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Apl. Prof. Dr. Benno Willke
Apl. Prof. Dr. Benno Willke
Group leader Laser Development & Advanced LIGO
Telefon:+49 511 762-2360Fax:+49 511 762-2784

Benno Willke's homepage

References

[1] T. Kane et al., IEEE J. Quantum Electron. 21, 1195 (1985).

[2] P. Kwee and B. Willke, Appl. Opt. 47, 6022 (2008).

[3] Wiechmann et al., Lasers and Electro-Optics, 1998. CLEO 98. Technical Digest, p 232-233

[4] B. Willke et al., AIP Conference Proceedings 523, 215 (2000); doi: 10.1063/1.1291860

[5] Barillet et al., Meas. Sci. Technol. 7 (1996) 162–169.

[6] Nagano et al., Review of Scientific Instruments 73, 2136 (2002); doi: 10.1063/1.1470230

[7] Willke, Laser & Photon. Rev. (2010) p. 780-793

[8] Winkelmann et al., Applied Physics B: Lasers and Optics (2011) 102, 529-538

[9] Kwee et al., Opt. Express (2012) 20, 10617-10634

[10] Frede et al. , Opt. Express (2007) 15, 459-465

[11] Vahlbruch et al., Class. Quantum Grav. (2010) 27, 084027

[12] Abadi et al., Nature Physics, 2011, 7, 962–965

NPROs as highly reliable laser sources

Transmitted power of an optical beam analyzer cavity used to analyze the higher order mode content of two NPROs (see reference [2]). Bild vergrößern
Transmitted power of an optical beam analyzer cavity used to analyze the higher order mode content of two NPROs (see reference [2]). [weniger]

Since 2000 a team of scientists and engineers at the Max Planck Institute for Gravitational Physics (Albert Einstein Institute), at the Laser Zentrum Hannover, and at LIGO have been working on the design, fabrication, and implementation of a 200 W laser system for the second generation Advanced LIGO GWD [8,9]. As NPROs have proven to be reliable, low-noise lasers in the first generation of GWDs, the team again relies on a NPRO master laser (Mephisto2000, Coherent). Even though the Advanced LIGO GWDs will start operation not before 2015, four pre-stabilized 200 W laser systems have been in continuous operation since 2010. Again the NPROs have proven very reliable as documented by the sophisticated digital monitoring system of Advanced LIGO.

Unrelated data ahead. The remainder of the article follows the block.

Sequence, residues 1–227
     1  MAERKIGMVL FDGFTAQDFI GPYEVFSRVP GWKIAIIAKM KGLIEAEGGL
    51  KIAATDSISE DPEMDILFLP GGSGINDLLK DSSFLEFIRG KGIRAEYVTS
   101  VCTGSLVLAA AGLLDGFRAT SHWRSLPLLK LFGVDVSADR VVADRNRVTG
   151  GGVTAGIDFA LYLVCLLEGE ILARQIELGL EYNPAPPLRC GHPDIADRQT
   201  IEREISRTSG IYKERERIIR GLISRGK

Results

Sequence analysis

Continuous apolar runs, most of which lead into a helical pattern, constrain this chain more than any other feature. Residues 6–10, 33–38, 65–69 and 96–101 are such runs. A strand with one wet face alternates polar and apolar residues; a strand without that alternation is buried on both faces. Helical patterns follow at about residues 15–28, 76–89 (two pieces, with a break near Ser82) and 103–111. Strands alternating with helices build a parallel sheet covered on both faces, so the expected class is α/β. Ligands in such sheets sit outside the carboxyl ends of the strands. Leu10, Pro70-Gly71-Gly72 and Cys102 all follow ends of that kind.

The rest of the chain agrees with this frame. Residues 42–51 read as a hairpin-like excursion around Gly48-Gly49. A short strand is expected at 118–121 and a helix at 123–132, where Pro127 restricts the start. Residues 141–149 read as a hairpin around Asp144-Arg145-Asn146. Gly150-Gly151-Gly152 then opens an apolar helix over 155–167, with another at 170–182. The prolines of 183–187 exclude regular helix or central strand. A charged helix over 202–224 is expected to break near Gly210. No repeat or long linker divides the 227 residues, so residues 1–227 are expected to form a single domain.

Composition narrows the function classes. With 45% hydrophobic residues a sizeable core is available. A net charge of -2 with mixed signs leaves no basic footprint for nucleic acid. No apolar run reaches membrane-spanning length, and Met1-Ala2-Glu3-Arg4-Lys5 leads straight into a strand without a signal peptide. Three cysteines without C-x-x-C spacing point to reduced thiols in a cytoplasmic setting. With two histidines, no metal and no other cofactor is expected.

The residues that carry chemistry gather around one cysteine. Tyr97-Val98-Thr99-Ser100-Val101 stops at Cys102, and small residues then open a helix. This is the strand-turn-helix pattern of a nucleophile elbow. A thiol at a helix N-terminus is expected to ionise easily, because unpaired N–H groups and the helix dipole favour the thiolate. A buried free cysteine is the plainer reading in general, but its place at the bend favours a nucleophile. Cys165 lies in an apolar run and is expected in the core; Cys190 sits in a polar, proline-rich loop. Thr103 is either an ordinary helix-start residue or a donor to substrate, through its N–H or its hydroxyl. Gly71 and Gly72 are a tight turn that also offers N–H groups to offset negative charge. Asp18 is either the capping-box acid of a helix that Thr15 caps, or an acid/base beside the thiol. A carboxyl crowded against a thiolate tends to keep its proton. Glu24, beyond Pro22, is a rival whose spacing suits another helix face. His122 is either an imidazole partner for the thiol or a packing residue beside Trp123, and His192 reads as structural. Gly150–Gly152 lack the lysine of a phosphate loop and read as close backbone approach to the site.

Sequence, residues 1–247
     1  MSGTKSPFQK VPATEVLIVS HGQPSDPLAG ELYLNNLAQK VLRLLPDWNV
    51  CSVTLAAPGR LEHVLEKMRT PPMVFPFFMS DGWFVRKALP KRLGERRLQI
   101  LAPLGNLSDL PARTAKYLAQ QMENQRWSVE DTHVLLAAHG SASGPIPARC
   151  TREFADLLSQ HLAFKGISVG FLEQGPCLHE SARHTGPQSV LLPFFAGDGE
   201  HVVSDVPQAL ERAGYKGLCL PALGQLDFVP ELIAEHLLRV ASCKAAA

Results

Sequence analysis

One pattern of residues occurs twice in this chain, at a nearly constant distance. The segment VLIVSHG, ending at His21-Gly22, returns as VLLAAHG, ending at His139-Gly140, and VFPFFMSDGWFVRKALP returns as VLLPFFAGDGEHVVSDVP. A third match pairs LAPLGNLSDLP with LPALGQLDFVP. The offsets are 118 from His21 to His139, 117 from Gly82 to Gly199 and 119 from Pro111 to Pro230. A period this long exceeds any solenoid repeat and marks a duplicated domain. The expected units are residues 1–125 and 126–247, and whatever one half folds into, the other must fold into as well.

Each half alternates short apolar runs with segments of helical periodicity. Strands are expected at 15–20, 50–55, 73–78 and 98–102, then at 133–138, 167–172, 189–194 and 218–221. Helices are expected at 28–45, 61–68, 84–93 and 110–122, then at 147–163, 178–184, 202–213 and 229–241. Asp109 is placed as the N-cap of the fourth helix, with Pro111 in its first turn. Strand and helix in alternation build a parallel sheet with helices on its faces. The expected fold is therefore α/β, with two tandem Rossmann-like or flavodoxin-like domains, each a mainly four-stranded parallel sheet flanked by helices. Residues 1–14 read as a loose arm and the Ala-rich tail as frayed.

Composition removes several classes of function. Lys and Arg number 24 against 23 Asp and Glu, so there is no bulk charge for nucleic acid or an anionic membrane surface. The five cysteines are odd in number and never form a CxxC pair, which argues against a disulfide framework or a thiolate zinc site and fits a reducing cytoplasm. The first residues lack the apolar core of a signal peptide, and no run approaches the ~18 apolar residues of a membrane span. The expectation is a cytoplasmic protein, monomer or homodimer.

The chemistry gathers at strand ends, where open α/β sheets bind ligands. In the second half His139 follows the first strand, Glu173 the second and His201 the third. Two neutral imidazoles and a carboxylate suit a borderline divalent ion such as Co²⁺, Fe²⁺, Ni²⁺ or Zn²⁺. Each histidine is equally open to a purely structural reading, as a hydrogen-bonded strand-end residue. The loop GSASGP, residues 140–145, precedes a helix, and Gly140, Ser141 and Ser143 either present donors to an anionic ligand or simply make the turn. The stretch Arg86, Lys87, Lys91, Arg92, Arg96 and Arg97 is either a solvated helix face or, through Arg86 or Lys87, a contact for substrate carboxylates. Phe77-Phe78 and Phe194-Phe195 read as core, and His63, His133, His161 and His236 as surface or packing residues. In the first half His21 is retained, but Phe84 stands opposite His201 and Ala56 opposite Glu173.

Developement of the higher order mode power of one of the analyzed NPROs over 2500 hours (see reference [2]). Bild vergrößern
Developement of the higher order mode power of one of the analyzed NPROs over 2500 hours (see reference [2]).

At the GEO600 detector NPROs have been in use since 1998: between 1998 and 2011 in a master-slave configuration [4] and since October 2011 as a seed laser for a 35 W amplifier system [10]. Since the summer of 2010 NPROs serve an additional purpose in the GEO600 GWD: Three of them are used in compact experimental unit that delivers a non-classical state of light (squeezed vacuum) to overcome the shot-noise limit at the GW readout port of GEO600. (More details about the squeezer and its implementation in GEO600 can be found in references [11] and [12].) This is another laser application in GWDs that requires low-noise laser sources which the NPROs have been reliably providing for years.

Due to their low-noise performance and high reliability NPRO lasers were successfully operated for many years in all GWDs of the first generation and in many research labs of the GW community. They are the preferred seed-laser source for GWDs of the second generation which is currently been commissioned and they might also be used in third-generation GWDs. They are an excellent choice for precision experiments that require continuous-wave single-mode single-frequency laser sources at 1064 nm.

 
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